Kiwi living on private land in Northland are among the big winners from new conservation investment totalling more than $2.5 million allocated through the Government’s Biodiversity Funds.

Date:  18 May 2009

Kiwi living on private land in Northland are among the big winners from new conservation investment totalling more than $2.5 million allocated through the Government’s Biodiversity Funds.

Announcing the latest Biodiversity Condition and Advice Fund grants, the Department of Conservation’s Director General Al Morrison said the biggest allocation of $373,580 has gone to 19 conservation initiatives on private land in Northland.

“Significant kiwi populations live on private land in Northland and this money will help those landowners who realise that they have natural treasures, literally in their own backyards.”

“That’s Kiwi’s saving kiwis.”

The latest investment to protect Northland kiwi is being co-ordinated through the New Zealand Landcare Trust who have worked to include private land in their local Biodiversity Strategy with support from the Northland Regional Council.

“Conservation is all about partnerships. Working with private landowners to protect the unique wildlife and habitats they already value on their own land only strengthens DOC’s work.”

In other parts of New Zealand, Biodiversity Funds will help a range of private conservation initiatives ranging from trapping and predator control programmes to protect endangered birds through to fencing to allow the re-growth of native plants.

In the Coromandel district for example, the Moehau Environment Group will receive over $90, 000 to assist volunteers add another 1000 pest control sites on private wetland at Waikawau Bay.

In Southland, over $130 000 dollars will help private landowners control weeds threatening forests and wetlands in joint project involving Environment Southland, QEII, NZ Landcare Trust and local councils.

The New Zealand Deerstalkers Manawatu Branch is using funding to protect blue duck over large areas of private land near the Ruahine Ranges with volunteers setting stoat and rat traps.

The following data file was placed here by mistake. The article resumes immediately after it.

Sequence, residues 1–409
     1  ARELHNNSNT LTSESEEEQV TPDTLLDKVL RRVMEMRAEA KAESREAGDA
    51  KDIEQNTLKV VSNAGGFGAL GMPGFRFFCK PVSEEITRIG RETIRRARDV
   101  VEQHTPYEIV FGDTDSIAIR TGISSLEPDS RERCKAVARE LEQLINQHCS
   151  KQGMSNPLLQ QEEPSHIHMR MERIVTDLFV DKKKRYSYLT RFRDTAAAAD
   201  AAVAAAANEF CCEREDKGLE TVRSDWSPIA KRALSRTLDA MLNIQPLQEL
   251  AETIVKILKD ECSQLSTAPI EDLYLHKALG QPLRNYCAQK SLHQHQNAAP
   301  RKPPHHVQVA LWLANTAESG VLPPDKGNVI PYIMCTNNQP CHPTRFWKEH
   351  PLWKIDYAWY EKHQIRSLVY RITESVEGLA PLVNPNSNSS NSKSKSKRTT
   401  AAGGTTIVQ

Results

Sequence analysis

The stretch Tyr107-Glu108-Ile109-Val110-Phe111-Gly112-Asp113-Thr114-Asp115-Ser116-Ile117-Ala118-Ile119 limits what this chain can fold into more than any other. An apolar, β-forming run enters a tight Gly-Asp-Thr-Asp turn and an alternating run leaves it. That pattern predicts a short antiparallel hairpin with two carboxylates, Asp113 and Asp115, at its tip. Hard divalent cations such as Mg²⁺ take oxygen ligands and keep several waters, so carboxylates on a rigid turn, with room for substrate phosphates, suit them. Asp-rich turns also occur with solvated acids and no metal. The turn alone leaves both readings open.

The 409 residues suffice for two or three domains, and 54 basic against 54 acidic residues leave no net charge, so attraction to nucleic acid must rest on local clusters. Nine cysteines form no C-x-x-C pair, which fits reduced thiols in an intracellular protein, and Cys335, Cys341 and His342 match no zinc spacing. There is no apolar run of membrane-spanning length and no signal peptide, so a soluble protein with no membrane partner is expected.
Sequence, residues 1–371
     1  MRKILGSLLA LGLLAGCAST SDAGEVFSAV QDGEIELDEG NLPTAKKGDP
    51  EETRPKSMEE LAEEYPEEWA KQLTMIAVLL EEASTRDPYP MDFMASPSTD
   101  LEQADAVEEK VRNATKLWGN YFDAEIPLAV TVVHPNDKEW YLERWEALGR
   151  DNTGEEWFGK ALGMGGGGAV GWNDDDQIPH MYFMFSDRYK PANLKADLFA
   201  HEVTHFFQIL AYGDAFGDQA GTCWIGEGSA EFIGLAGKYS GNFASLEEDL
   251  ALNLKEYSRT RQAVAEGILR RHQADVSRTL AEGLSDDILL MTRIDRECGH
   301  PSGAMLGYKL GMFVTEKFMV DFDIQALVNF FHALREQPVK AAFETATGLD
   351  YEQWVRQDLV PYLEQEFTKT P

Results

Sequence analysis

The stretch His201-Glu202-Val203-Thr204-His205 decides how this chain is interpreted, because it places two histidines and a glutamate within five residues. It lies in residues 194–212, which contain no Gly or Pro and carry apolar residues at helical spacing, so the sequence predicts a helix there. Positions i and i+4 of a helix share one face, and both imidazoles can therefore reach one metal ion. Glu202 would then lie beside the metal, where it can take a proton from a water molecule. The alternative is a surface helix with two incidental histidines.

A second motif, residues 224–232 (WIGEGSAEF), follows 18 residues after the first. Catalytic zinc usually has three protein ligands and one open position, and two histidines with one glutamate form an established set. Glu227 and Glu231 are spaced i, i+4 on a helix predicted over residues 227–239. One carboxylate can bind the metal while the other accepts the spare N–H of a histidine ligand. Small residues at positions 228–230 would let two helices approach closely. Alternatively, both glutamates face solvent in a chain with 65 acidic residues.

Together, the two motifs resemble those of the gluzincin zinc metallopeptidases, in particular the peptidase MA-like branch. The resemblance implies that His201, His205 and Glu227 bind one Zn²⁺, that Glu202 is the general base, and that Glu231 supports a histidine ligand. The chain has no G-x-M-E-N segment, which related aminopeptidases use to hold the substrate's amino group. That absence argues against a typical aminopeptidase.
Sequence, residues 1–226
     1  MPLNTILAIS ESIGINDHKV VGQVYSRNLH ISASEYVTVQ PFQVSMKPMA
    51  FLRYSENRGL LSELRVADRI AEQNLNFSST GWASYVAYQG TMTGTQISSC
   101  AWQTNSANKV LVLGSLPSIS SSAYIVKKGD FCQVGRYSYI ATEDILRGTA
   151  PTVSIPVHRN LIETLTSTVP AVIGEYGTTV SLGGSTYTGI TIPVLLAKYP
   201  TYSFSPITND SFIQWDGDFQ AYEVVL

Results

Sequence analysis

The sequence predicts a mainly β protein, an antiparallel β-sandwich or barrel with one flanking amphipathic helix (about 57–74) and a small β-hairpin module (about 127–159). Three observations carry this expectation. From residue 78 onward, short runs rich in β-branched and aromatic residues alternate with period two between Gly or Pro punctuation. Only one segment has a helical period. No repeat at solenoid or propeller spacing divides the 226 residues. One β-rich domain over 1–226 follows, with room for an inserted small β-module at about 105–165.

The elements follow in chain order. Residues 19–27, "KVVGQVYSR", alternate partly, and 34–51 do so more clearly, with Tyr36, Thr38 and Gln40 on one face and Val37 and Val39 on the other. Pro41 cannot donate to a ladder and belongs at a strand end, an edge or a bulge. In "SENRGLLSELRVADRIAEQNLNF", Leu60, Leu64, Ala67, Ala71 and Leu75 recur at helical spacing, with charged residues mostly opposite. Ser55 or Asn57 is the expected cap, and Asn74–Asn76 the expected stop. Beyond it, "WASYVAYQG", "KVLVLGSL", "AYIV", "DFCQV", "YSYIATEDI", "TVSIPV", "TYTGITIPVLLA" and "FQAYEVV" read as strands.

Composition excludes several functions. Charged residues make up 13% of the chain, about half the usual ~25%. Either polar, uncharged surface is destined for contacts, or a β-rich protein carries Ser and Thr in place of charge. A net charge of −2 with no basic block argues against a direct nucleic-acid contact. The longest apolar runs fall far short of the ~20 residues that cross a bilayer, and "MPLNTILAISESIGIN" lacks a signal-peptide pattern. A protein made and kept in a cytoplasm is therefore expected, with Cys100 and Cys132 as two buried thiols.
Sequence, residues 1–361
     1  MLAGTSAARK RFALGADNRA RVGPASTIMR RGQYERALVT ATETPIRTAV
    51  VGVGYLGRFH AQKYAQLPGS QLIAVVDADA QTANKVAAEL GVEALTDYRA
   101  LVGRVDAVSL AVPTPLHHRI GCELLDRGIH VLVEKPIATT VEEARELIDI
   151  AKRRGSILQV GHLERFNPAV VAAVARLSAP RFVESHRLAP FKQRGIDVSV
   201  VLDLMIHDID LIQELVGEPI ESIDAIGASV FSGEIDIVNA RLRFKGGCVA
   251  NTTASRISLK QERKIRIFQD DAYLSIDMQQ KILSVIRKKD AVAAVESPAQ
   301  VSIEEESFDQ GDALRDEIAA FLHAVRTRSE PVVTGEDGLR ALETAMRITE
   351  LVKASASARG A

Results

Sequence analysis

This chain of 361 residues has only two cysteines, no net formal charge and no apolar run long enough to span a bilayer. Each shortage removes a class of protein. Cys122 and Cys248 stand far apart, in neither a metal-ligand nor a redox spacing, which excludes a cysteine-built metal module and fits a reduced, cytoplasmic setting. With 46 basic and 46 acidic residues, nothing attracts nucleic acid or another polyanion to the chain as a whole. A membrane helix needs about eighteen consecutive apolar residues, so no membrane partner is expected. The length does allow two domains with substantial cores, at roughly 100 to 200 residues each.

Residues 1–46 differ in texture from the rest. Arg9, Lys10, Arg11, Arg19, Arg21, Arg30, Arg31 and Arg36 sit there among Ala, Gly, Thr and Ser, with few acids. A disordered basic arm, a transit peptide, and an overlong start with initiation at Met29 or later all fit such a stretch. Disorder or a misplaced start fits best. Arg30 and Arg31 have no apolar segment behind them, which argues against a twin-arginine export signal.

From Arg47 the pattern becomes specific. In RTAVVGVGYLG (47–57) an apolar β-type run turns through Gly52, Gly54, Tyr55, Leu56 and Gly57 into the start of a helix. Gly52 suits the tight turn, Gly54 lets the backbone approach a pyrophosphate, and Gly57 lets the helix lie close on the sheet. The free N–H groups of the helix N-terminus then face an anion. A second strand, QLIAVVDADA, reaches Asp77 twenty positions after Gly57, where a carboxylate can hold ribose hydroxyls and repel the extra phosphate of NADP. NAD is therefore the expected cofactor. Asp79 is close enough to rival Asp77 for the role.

“These grants often spur further conservation support and the value of this work on private land cannot be underestimated. Our landscapes and natural heritage underpin our economy and everybody benefits from this sort of investment,” Al Morrison said.

Applications for the next funding round will open on Wednesday 20th May.



The Biodiversity Funds were established in 2000 and distribute funding for biodiversity protection projects twice yearly.  The Funds are contestable and available to landowners, organisations and community groups working on biodiversity projects to protect indigenous biodiversity on private land.

Condition Fund aims to improve and maintain the condition of areas of native vegetation, species and habitats, including wetlands, dunelands and lowland forests. 

Advice Fund supports the provision of advice and information to land owners to assist them in their management of indigenous biodiversity on private land. 

Regional breakdown of the latest funding round

Below is the regional breakdown of allocations.  A schedule of project information on each of the approved projects is also attached.

Northland: $373,580 amongst 19 projects
Auckland: $319,774 amongst 9 projects
Waikato: $178,491 amongst 4 projects
Bay of Plenty: $73,708 amongst 3 projects
East Coast / Hawke's Bay: $298,942 amongst 16 projects
Wanganui: $45,494 amongst 8 projects
Wellington: $194,719 amongst 11 projects
Nelson / Marlbrough: $349,089 amongst 22 projects
West Coast: $102,209 amongst 8 projects
Canterbury: $217,815 amongst 5 projects
Otago: $109,881 amongst 4 projects
Southland: $211,700 amongst 4 projects

In addition, three applications were granted $53,680 which will benefit landowners at a national level.

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Biodiversity Fund Manager Alan White +64 4 471 3142,

See also:

A full list of projects receiving funding can be found at:

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